Chorolque Seen From The Southern Approach Road
Cerro Chorolque, a highly eroded dormant volcano, is the highest mountain in the Cordillera de Chichas followed by Cuzco, Tazna, and Huanchaca. The Cordillera de Chicas is a subgroup of the Bolivian Andes Cordillera Central. Chorolque is the highest mountain in the area and has (1542 meters / 5059 feet) of prominence so it can be seen for hundreds of miles around. It's steep faces and ridges give it a pyramidal appearance from many angles. Although it's rarely climbed for reasons other than mining, it's certainly one of the more impressive looking peaks in Bolivia.
Cerro Chorolque Above And Santa Bárbara Below (Left)
Satellite images show that all sides have undergone drastic changes from the original form with the exception of one remaining even slope. While most faces of this peak have deep gullies and craggy rotten ridges, the southwest slope has retained most of its original form. Even more exciting news for the prospective climber is that there is a road which zigzags up this slope to (5000 meters / 16,000 feet).
A Gendarme Below The Summit
If you decide to climb Cerro Chorolque, you will likely be the only one doing so. It's very important to follow a proper plan for acclimatization. Premature exposure to these altitudes can prove fatal. It is suggested that prospective climbers, especially those who live at low altitudes, visit a few lower peaks in the days preceding a Chorolque climb. Allowing the body time to adjust is key.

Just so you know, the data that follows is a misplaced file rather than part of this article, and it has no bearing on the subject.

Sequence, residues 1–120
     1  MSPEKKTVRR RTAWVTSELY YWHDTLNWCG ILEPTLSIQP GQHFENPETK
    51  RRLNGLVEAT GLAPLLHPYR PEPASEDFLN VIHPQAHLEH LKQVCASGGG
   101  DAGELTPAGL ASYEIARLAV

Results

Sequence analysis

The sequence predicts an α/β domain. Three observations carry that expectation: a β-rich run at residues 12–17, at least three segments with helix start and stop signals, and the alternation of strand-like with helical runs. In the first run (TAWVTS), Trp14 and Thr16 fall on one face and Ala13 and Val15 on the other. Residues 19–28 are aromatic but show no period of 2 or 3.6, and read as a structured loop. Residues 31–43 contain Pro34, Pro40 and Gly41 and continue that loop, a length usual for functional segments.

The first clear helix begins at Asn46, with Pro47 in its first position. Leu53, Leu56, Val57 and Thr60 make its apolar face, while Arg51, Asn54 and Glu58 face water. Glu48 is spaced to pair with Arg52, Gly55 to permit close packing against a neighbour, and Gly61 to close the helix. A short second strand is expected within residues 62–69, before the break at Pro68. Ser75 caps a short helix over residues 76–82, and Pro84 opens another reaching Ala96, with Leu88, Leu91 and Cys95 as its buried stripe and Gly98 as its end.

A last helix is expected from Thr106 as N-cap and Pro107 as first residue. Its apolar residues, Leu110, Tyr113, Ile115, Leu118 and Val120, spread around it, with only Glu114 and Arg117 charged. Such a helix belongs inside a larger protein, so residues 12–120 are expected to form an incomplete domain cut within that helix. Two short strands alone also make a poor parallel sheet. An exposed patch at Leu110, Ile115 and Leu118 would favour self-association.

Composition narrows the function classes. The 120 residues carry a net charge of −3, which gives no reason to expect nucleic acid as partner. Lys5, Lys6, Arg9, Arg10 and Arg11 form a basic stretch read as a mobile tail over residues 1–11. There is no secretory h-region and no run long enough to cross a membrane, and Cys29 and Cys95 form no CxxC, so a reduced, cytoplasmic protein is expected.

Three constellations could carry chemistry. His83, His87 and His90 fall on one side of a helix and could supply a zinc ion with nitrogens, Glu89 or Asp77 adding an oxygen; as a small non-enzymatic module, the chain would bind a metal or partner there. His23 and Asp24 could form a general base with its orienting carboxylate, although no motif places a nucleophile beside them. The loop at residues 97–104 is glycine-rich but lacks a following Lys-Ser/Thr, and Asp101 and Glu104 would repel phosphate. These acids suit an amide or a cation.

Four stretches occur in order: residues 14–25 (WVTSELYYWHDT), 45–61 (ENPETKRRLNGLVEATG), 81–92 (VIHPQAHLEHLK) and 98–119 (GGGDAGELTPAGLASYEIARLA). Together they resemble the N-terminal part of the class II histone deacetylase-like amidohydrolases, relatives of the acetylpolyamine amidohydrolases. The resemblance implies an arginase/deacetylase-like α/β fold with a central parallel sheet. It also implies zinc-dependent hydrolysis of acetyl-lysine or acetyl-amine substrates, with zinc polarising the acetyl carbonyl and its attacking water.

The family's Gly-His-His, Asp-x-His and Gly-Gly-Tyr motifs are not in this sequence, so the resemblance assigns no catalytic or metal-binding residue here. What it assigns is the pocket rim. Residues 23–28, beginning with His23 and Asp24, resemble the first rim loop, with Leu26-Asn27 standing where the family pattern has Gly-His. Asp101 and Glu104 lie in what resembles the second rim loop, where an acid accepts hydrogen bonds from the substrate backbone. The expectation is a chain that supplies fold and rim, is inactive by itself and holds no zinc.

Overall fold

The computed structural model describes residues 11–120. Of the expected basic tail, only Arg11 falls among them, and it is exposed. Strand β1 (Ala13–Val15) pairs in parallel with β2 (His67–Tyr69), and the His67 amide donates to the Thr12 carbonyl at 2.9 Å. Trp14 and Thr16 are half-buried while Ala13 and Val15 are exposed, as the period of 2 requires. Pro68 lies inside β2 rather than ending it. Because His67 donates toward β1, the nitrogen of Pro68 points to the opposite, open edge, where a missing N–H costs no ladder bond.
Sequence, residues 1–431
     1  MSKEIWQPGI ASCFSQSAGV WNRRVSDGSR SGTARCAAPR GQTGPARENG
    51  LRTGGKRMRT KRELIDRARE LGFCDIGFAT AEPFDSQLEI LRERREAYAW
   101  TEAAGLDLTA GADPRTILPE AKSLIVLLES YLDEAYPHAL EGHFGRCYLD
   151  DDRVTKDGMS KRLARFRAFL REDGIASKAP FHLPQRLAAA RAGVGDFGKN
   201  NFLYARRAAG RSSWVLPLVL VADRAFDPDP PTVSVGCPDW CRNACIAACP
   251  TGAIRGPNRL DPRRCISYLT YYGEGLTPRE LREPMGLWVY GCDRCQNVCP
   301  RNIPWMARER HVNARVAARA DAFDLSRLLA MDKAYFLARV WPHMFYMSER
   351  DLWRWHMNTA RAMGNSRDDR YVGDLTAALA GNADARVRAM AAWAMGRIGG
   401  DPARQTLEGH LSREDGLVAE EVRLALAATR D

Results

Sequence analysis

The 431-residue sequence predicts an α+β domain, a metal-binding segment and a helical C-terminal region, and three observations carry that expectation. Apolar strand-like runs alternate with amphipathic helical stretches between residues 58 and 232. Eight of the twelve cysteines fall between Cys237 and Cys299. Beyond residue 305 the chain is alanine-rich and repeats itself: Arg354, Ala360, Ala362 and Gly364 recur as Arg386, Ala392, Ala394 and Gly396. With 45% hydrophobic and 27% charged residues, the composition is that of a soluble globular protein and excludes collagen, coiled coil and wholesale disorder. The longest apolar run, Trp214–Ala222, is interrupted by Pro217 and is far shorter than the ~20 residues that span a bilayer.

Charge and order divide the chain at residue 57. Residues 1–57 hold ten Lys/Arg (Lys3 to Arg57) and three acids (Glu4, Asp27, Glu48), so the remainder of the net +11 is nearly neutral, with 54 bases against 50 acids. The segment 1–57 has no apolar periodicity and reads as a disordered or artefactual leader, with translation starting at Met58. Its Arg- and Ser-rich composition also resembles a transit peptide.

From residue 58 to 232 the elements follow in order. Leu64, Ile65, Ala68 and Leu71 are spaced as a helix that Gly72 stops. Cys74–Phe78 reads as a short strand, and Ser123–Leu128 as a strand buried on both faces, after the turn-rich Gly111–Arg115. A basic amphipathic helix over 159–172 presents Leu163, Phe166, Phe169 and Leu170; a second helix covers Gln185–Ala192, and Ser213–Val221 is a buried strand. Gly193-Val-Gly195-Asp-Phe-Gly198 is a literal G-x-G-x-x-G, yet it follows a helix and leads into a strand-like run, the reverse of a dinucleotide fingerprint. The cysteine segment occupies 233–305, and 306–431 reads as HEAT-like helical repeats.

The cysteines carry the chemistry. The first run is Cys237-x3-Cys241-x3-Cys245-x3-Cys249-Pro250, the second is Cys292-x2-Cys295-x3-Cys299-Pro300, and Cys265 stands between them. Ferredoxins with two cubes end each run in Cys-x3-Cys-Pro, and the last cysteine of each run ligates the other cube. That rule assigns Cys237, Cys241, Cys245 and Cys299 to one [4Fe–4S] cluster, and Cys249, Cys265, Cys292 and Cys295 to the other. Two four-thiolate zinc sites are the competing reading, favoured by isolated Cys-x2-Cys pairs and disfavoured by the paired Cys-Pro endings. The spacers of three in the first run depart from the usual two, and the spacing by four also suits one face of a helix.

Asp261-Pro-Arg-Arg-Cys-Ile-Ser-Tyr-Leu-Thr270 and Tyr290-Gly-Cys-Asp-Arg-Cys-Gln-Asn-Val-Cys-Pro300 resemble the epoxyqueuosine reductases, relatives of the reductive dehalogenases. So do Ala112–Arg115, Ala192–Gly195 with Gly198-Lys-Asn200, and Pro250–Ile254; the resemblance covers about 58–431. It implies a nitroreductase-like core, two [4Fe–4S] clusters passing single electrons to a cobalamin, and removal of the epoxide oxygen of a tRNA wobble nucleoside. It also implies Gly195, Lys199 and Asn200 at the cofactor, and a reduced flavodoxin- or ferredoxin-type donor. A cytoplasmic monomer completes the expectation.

Mining and Santa Bárbara
Due to the low rainfall in this part of Bolivia, the landscape would be uninhabited except for the rich mineral content and the availability of jobs in the mining industry. In fact, Chorolque is home to one of the highest mining operations in the world, which collects ore all the way up to the summit above 18,000 feet. These mines are the highest tin and bismuth mines in the world and the village of Santa Bárbara, located at 15,600 feet on the western slopes, is the highest village in Bolivia.
Inside A Mine Shaft
The village of Santa Bárbara is small, with less than 5000 inhabitants and most of them are miners. They own the access roads which lead up the southwest slope so it recommended that you treat the locals with respect in your attempt to get permission to use the road. Ask around until you find the office with the right mining officials and ask politely if you can drive up the access road above town. If they say no, it might be necessary to offer a bribe or hire someone to accompany you during the trek. A last resort would entail parking your car in town and walking up the road on foot. It's only an extra hundred meters or so.
A Mining Cart At (5090 Meters / 16,700 Feet)
The main ore which is pulled from the mines is tin but gold and other metals appear in smaller amounts. The mines of Chorolque are well known among mineral collectors for unique specimens of cassiterite, apatite, and bismuthinite. For a complete list of the minerals found in these mines refer to this page